Dwayne Nash ’99 was once part of the legal institution he now seeks to reform.
The morning was like any other. It was late February, and Dwayne Nash ’99 woke in a brownstone on Manhattan Avenue, in New York City’s Precinct 28, where Malcolm X once demanded custody of a black man the police beat nearly to death. That was before the riots, before crack hit hard and the War on Drugs took the dealers and doers to prison, and Harlem became a nice, historical neighborhood with tree-lined streets and rents so high that Nash, a former criminal prosecutor, could hardly afford his own apartment. This morning, like every morning, Nash lay in bed and scrolled through headlines on his iPhone. One caught his eye—a neighborhood watchman had shot and killed an unarmed black kid in Sanford, Florida. Trayvon Martin had looked “suspicious,” the watchman, George Zimmerman, said. Martin was on his way home with an iced tea and a bag of Skittles when Zimmerman called the police. By the time an officer arrived, the young man was dead.
Nash had known his share of murders, but this one particularly rattled him. Zimmerman had claimed he acted in self-defense, and the police let him go. “You have one person standing there with a gun, the other person dead. You have to give the body the benefit of the doubt,” said Nash. Why didn’t they? “I don’t think the police were incompetent. I think they saw no value in Trayvon, in investigating any further. His blackness made his body less important.”
Two weeks later, a reporter for the Chronicle of Higher Education met Nash in a coffee shop in Harlem. Nash, 35, is at first glance modish and circumspect; the reporter took note of his “Burberry tie” and “wing-tipped shoes.” She wanted to know what he thought of the incident. Nash, a doctoral candidate at Northwestern University’s black-studies program, was researching the history of stop-and-frisk, a police tactic popularized in the 1990s by former New York City mayor Rudy Giuliani. His research is part of a growing body of work that equates the criminalization of today’s minorities with the laws that once denied African Americans their basic rights. One-third of all black men in the United States are under the watch of the criminal justice system—in prison, on probation, on parole—the majority charged with drug possession and other nonviolent offenses. Statistically, a white person is more likely to use drugs than an African American. Scholars have known for a long time that the numbers don’t add up and trace the disparity to the 1980s and the War on Drugs, when police raided dense, urban neighborhoods. But Nash’s work traces the problem even further back, to the 1960s, when the Civil Rights Act passed and white Americans grasped at a new kind of racial control.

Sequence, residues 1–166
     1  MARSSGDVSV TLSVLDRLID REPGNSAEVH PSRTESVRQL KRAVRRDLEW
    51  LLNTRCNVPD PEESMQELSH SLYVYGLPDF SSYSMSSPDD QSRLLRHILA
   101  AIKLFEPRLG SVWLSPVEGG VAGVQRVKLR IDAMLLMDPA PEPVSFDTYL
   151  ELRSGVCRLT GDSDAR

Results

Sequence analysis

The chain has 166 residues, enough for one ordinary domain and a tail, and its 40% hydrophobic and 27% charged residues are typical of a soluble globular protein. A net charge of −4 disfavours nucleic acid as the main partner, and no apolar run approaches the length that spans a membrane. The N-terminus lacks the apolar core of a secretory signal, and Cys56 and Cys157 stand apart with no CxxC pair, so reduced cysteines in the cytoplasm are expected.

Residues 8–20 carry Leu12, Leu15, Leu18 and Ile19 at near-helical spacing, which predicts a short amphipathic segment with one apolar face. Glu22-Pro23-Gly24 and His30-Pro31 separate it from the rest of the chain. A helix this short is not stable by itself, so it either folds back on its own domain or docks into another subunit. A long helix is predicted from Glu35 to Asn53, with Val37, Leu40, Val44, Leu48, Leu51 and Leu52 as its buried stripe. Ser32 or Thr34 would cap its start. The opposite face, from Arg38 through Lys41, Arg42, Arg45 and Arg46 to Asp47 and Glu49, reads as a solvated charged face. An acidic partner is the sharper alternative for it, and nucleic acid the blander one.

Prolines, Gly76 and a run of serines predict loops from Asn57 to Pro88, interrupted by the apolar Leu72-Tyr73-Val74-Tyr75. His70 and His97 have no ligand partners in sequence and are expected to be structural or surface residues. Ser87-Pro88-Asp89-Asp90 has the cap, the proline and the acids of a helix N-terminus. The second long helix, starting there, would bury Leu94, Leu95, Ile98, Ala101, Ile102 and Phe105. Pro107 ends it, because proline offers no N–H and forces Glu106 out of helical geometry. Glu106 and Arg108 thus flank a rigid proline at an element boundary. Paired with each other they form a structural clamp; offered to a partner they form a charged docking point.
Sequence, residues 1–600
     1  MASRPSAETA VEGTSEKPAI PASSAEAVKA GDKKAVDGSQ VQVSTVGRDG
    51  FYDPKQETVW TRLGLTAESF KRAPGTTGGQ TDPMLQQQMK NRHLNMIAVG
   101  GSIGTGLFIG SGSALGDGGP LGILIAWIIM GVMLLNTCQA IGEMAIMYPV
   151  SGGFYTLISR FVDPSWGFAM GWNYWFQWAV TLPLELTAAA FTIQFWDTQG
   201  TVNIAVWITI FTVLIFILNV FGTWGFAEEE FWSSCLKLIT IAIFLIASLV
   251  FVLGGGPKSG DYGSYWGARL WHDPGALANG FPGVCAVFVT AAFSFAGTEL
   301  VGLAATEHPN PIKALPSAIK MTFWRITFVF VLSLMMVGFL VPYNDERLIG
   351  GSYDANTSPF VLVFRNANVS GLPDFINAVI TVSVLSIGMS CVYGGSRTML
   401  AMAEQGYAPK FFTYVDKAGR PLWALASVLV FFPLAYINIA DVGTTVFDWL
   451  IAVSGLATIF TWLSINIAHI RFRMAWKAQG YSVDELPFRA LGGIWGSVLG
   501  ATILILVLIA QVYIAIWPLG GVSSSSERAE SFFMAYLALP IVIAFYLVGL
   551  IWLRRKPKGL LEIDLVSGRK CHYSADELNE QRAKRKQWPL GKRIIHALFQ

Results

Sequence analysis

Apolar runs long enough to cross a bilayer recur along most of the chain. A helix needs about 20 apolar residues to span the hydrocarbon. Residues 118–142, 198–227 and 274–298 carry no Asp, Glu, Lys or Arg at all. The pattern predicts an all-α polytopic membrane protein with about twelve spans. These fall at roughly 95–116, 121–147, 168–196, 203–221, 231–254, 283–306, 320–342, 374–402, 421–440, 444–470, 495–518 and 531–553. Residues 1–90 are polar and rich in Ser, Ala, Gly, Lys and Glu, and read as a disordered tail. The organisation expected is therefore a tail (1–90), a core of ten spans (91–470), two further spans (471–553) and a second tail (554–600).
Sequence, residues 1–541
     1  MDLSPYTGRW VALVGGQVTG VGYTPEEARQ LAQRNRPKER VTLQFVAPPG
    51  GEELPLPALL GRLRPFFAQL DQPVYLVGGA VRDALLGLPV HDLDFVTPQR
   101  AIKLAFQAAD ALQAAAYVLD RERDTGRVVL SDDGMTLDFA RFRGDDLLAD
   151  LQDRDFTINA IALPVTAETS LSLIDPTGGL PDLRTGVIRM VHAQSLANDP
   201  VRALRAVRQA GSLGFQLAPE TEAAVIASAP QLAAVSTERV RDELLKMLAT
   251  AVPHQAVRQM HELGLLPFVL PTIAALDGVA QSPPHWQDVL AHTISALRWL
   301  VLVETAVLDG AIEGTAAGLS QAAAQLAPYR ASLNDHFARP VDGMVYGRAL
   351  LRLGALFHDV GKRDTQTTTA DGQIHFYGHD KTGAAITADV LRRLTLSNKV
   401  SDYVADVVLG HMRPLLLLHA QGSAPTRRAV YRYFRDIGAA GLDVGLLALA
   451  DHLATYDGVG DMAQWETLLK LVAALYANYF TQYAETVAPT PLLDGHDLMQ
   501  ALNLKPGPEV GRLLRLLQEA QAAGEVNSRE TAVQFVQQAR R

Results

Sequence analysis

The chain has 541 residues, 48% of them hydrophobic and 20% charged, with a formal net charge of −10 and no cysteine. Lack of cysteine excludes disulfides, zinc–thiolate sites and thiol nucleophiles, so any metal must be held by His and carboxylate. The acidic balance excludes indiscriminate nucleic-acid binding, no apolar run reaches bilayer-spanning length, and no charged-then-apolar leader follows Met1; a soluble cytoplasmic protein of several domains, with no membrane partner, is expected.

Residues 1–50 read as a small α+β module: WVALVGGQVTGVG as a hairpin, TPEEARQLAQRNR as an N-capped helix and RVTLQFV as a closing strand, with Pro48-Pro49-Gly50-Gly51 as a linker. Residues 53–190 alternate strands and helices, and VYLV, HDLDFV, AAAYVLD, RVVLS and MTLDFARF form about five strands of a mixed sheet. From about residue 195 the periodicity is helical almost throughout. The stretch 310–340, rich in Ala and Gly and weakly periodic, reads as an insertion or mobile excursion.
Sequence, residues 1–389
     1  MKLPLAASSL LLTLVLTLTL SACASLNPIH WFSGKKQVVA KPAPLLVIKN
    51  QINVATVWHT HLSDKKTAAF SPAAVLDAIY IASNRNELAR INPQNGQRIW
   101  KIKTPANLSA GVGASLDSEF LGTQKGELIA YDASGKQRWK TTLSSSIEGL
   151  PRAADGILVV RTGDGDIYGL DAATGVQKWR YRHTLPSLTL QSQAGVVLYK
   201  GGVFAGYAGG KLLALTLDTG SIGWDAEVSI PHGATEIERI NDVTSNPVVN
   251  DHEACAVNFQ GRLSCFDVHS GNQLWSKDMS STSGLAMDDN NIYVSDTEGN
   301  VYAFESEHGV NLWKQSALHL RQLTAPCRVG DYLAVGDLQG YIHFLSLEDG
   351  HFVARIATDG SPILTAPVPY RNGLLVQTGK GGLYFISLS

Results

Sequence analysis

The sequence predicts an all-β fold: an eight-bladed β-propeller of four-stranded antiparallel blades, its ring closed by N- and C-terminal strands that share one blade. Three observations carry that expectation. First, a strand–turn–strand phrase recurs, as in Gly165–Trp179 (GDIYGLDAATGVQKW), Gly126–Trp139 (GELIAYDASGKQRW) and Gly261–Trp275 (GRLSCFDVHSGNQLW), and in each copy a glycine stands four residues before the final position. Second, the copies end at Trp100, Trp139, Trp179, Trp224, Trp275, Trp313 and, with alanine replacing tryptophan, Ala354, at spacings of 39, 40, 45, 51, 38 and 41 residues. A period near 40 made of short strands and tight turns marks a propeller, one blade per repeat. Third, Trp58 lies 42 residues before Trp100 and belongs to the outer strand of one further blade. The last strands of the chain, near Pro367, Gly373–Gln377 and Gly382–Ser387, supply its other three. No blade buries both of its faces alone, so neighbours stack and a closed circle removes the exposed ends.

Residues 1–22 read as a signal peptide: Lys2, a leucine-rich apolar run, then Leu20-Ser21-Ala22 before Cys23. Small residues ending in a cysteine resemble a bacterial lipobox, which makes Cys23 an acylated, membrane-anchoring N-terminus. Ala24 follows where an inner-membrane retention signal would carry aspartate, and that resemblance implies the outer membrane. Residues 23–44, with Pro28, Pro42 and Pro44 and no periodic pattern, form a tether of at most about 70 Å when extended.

Nash chose his words carefully to the Chronicle reporter, at once gentle and emphatic: “Whether we are stopped, searched, arrested, or shot, it’s all the same. We’re being read as a threat, criminal, or suspicious at the very least. Instead of Trayvon Martin, it could have been me that was killed. I pray that a gun barrel is not pointed to my face for making an innocent gesture or for being in the wrong place at the wrong time because of my skin color. There was no right place for Trayvon. He was walking home in the rain, doing nothing wrong, and he was read as suspicious.”
This past October, when I met Nash in Chicago, I asked him to reflect again on the incident. George Zimmerman, the watchman who shot Martin, had since been arrested and charged with second-degree murder. Nash was dissatisfied. “There is a long history of viewing the black body with criminal suspicion,” he said. “That memory has been transmitted across generations and time—and across institutions, as well.” In this case, said Nash, the real problem was not Zimmerman, nor even the cops, but Florida’s stand-your-ground law, which gives the benefit of the doubt to anyone who claims they shot another in self-defense. “If you believe that Zimmerman was just one bad apple, just ‘that racist,’ then you miss the point,” he said. “Zimmerman knew that he could draw from the law to protect himself. He knew he had greater rights than Trayvon. He did something wrong, but the legal institution made that possible.”